'Personality-led' talk radio snares listeners in London

By Caitlin Pike New figures from Rajar point to a spectacular success for speech-based London broadcaster LBC 93.7.

station increased its reach by 18.2 per cent year-on-year, compared
with falls of 4.2 per cent and 5.4 per cent respectively for national
rivals TalkSport and BBC Radio Five Live.

LBC managing director
David Lloyd said: “We are really pleased with our year-on-year growth
which reflects LBC’s move to become entertaining, compelling talk radio.

have a great line of presenters, to which Sony award-winner Anna
Raeburn will be added in January. Our audience is also growing younger
and this reflects the fact that we do what the BBC doesn’t and lead by

Lloyd is challenging the BBC with big-name
presenters such as Jenny Eclair, Paul Ross, Sandi Toksvig and Iain Lee.
However, the reach of Nick Ferrari’s breakfast show was down by 4.11
per cent to 303,000.

BBC Radio recorded its highest ever share of
listening at 54.6 per cent – an increase on the quarter (54 per cent)n
and the year (54.4 per cent) – compared with commercial radio’s 43.5
per cent. National commercial radio, buoyed by new digital services,
has recorded an all-time high share of 10.5 per cent this quarter.

Radio 4’s reach and share grew with the station’s reach of 9.62 million
up on the quarter (9.59 million) and on the year (9.42 million). Share,
at 11.5 per cent, was up on the quarter (11.2 per cent ) and the year
(11.3 per cent).

The reach of the BBC’s local radio stations,
including Scotland, Wales and Northern Ireland services, is 9.86
million, down slightly on the quarter (10.08 million) and the year
(9.93 million).

Share has also dipped to 10.7 per cent, down from the 10.9 per cent of last quarter and last year.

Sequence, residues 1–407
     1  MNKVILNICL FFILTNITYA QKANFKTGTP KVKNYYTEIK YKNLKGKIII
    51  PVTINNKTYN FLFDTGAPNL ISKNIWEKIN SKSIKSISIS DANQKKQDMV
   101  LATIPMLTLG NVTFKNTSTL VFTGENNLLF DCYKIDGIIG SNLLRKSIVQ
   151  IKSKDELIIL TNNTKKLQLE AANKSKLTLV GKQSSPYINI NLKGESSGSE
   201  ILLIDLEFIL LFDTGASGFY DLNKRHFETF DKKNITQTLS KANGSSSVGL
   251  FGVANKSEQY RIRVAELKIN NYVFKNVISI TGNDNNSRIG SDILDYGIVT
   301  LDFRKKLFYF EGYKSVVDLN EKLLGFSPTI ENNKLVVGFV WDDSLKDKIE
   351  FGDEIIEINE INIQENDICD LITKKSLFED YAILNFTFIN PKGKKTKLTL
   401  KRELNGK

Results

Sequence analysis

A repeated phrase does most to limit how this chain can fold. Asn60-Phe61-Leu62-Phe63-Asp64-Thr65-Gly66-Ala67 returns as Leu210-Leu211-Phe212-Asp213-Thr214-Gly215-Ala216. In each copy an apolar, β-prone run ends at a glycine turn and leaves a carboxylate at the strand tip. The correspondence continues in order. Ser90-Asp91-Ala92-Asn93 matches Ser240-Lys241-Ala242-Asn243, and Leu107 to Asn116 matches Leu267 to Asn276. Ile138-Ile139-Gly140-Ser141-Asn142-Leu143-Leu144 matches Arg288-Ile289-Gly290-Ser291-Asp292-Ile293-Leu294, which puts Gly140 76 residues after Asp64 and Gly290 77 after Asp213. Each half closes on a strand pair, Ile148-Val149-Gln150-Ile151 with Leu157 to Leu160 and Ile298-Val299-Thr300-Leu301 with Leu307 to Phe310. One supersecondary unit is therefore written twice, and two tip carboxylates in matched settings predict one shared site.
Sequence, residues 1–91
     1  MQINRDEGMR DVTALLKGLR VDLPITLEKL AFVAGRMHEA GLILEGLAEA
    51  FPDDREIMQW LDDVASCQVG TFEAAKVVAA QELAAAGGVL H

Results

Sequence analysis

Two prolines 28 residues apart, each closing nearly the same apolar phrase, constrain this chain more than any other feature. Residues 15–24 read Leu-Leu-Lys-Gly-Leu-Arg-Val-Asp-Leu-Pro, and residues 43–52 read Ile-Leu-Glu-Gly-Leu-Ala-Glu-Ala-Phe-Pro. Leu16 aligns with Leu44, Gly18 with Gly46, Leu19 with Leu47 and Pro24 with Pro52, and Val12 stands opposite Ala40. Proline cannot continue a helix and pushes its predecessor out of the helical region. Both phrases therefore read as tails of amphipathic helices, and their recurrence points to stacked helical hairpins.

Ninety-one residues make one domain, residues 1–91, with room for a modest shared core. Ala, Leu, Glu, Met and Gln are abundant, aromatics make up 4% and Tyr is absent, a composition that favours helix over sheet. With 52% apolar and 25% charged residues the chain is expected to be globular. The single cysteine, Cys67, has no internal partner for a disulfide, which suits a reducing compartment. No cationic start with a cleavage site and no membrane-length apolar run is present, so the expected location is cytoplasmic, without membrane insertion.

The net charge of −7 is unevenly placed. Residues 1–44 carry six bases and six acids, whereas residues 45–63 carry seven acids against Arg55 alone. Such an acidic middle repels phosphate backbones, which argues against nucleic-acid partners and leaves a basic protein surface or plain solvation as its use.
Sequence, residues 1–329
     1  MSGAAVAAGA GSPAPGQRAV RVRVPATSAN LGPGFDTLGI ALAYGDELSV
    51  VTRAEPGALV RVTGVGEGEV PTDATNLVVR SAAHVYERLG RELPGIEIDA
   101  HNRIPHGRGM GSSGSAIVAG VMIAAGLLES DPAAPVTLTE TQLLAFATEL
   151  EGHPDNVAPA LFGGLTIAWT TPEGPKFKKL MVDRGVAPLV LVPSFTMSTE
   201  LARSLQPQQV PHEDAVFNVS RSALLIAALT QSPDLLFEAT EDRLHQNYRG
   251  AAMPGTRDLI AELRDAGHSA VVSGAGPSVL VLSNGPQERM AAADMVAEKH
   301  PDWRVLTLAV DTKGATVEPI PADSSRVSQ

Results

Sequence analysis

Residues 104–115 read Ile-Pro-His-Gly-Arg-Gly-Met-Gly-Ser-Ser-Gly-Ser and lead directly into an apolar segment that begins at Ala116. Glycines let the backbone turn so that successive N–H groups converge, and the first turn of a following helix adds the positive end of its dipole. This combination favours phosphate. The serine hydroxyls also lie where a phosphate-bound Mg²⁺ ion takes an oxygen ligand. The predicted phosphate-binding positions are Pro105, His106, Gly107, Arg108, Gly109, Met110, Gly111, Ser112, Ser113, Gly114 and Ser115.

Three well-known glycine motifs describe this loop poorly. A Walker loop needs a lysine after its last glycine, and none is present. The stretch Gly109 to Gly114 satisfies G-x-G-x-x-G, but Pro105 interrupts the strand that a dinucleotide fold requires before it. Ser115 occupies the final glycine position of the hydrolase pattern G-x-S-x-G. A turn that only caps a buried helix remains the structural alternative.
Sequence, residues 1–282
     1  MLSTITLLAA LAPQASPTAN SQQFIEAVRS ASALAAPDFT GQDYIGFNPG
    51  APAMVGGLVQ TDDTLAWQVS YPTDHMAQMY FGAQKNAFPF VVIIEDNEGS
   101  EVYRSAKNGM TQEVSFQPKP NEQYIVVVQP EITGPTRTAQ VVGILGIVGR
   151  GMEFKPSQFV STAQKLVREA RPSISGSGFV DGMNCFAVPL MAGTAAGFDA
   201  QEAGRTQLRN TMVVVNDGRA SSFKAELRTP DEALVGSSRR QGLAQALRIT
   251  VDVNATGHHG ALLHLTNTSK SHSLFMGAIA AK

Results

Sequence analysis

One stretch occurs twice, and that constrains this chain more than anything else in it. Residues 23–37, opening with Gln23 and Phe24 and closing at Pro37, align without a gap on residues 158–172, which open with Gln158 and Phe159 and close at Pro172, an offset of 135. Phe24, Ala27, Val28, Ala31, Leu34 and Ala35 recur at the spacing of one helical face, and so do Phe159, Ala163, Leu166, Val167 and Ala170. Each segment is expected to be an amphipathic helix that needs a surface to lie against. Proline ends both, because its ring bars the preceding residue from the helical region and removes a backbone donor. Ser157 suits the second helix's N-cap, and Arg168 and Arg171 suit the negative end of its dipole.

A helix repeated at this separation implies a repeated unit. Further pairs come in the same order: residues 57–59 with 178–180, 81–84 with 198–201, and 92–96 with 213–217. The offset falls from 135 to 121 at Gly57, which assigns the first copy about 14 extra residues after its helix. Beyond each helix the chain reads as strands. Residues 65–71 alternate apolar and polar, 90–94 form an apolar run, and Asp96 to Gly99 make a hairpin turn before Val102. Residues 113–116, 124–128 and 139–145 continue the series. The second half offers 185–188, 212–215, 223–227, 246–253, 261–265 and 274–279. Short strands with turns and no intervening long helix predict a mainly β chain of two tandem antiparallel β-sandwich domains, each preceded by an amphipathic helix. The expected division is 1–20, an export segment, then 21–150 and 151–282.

radio attracts a 76 per cent share of listeners to local stations, with
people tuning in for 14.2 hours per week on average.

Listening to
digital radio is becoming increasingly popular, with the percentage of
adults who own a digital radio at home rising to 10.5 per cent from 4.5
per cent in September 2004. The proportion of adults who have listened
to radio via the internet has increased from 16.1 to 19.7 per cent in a

●Guardian Media Group’s Real Radio is now the most listened-to radio station in Scotland, writes Hamish Mackay.

Radio, which broadcasts across the central belt, pulled in more than 1
million extra listening hours in the three months to the end of
September, clocking up 9.09 million listener hours per week compared
with BBC Radio Scotland’s 8.08 million.

BBC Radio Scotland still has the highest number of listeners at 966,000, but broadcasts over a much wider area.

Radio remains Scotland’s number one commercial radio station, with
733,000 adult listeners a week, up 40,000 on the previous quarter.

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